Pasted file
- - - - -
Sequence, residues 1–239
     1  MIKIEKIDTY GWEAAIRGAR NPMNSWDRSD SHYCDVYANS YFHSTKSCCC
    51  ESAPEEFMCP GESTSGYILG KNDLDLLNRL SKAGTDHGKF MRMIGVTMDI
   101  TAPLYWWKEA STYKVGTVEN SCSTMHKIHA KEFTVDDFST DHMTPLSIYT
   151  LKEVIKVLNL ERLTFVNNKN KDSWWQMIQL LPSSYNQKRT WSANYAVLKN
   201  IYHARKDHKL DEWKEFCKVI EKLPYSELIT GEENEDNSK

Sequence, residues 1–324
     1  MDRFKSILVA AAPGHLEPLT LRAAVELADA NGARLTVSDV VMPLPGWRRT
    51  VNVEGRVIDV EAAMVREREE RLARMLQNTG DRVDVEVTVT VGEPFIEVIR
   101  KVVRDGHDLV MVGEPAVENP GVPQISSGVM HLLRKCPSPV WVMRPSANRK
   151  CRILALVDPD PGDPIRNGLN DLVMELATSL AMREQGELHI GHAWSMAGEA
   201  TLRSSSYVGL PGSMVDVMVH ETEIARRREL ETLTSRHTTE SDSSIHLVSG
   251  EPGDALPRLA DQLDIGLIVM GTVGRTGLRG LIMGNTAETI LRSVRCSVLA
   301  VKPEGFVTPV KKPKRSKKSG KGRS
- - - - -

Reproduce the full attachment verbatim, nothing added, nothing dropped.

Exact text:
Sequence, residues 1–239
     1  MIKIEKIDTY GWEAAIRGAR NPMNSWDRSD SHYCDVYANS YFHSTKSCCC
    51  ESAPEEFMCP GESTSGYILG KNDLDLLNRL SKAGTDHGKF MRMIGVTMDI
   101  TAPLYWWKEA STYKVGTVEN SCSTMHKIHA KEFTVDDFST DHMTPLSIYT
   151  LKEVIKVLNL ERLTFVNNKN KDSWWQMIQL LPSSYNQKRT WSANYAVLKN
   201  IYHARKDHKL DEWKEFCKVI EKLPYSELIT GEENEDNSK

Sequence, residues 1–324
     1  MDRFKSILVA AAPGHLEPLT LRAAVELADA NGARLTVSDV VMPLPGWRRT
    51  VNVEGRVIDV EAAMVREREE RLARMLQNTG DRVDVEVTVT VGEPFIEVIR
   101  KVVRDGHDLV MVGEPAVENP GVPQISSGVM HLLRKCPSPV WVMRPSANRK
   151  CRILALVDPD PGDPIRNGLN DLVMELATSL AMREQGELHI GHAWSMAGEA
   201  TLRSSSYVGL PGSMVDVMVH ETEIARRREL ETLTSRHTTE SDSSIHLVSG
   251  EPGDALPRLA DQLDIGLIVM GTVGRTGLRG LIMGNTAETI LRSVRCSVLA
   301  VKPEGFVTPV KKPKRSKKSG KGRS